殴り合いというのも

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thetazuo

Senior Member
Chinese - China
「肯定。確かに最後の決着が、今まで何度も引き分けてきた殴り合いというのどうかと思っていました。この勝負であれば異存はありません」

Context: the speaker is a 精霊 and she is fighting another 精霊 who is her sister. The protagonist interfered in their competition and the two 精霊s decided to let the protagonist to decide who would be the winner.

Hi. I know we can omit the red part. But what nuance does it add to the sentence compared to just 殴り合いもどうかと思っていました? I have seen an explanation which goes like this:
If という is preceded by a noun, the function of という is to recite a fact that is known or cared by both the speaker and the addressee as a topic; and the topic is usually followed by something like a comment or an idea.

Does this explanation make sense to native speakers? If it does, does it apply to this example?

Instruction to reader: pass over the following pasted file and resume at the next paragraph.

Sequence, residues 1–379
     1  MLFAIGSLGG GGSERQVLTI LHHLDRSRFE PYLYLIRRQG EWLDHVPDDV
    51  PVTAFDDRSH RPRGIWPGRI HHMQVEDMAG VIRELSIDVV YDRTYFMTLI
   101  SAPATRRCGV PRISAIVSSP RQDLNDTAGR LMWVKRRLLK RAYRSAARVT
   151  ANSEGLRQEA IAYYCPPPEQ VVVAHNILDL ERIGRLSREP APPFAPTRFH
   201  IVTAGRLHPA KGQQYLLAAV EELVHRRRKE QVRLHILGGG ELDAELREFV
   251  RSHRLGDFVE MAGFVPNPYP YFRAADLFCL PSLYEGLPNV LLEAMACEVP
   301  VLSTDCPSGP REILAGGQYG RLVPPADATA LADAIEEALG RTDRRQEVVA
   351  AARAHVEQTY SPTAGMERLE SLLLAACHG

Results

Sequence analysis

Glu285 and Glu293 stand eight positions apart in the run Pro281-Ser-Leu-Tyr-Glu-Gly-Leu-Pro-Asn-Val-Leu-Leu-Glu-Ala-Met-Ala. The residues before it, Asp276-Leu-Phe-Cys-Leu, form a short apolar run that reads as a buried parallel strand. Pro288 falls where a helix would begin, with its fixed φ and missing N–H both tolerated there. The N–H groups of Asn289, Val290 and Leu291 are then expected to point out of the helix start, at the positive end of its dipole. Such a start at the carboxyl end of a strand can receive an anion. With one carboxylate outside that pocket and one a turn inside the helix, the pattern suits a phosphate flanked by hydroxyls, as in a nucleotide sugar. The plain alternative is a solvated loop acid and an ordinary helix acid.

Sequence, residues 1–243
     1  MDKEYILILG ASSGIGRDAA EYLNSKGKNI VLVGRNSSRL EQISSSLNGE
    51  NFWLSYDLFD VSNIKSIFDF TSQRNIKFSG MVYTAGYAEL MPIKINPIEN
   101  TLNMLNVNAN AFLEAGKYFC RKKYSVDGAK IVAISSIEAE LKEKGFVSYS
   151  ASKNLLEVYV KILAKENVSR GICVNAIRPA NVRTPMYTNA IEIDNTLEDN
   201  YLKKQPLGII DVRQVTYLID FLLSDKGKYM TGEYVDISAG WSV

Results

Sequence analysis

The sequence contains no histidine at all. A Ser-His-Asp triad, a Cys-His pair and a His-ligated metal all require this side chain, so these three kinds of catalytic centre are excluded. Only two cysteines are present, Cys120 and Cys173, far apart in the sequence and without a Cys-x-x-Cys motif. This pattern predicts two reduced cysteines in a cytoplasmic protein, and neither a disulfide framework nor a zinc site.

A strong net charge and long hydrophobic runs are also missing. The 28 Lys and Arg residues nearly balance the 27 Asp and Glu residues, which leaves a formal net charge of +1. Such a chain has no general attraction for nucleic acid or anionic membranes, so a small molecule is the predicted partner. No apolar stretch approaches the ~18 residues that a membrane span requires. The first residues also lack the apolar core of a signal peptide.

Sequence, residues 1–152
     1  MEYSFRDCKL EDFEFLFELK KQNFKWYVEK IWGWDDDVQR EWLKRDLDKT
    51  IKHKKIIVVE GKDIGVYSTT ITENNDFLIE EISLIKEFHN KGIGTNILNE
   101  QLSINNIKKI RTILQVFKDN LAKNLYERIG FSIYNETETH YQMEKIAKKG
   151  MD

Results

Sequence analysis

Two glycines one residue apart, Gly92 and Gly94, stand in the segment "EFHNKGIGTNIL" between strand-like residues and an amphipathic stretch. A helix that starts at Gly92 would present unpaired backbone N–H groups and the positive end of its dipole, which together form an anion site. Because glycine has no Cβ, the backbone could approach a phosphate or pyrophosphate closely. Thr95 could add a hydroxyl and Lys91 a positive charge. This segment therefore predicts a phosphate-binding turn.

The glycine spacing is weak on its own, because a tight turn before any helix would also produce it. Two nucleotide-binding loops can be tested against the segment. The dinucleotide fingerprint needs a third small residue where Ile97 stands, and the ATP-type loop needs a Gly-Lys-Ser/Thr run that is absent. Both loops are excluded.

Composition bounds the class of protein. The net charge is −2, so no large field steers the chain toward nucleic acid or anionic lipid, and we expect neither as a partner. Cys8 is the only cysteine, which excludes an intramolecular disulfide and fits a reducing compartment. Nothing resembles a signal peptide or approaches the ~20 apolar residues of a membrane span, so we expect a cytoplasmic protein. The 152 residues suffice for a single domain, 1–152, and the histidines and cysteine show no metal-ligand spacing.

Thank you.

By the way, does the underlined part imply the speaker doesn’t think so now?
 
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  • Yokozuna

    Senior Member
    Japanese
    Hi. You cannot omit というの here.

    Simple Noun + という → You can usually omit という.
    '殴り合いもどうかと思っていました' is a natural phrase.

    確かに最後の決着が、今まで何度も引き分けてきた殴り合いというのどうかと思っていました
    This 'という' is used to refer to the former part, '最後の決着が、今まで何度も引き分けてきた殴り合い(だ)=a sentence'.
    'の' makes the sentence work as a noun.
    'という' + 'の' is essential in this context.

    The following sentences are other examples of making a sentence work as a noun.
    1. 最後の決着が、今まで何度も引き分けてきた殴り合いなのもどうかと思っていました
    2. 最後の決着が、今まで何度も引き分けてきた殴り合いである(という)のもどうかと思っていました
    In the second example, you can omit という, and it won't affect the meaning.
    This という makes it clear that the speaker is referring to the former part as a whole.

    If という is preceded by a noun, the function of という is to recite a fact that is known or cared by both the speaker and the addressee as a topic; and the topic is usually followed by something like a comment or an idea.
    医者という仕事は責任の伴う仕事だ。
    ダイエットというのは無理をしすぎたらいけない
    【N3文法】「〜という」意味と使い方まとめ

    I think this is true but not the case with your example.
     
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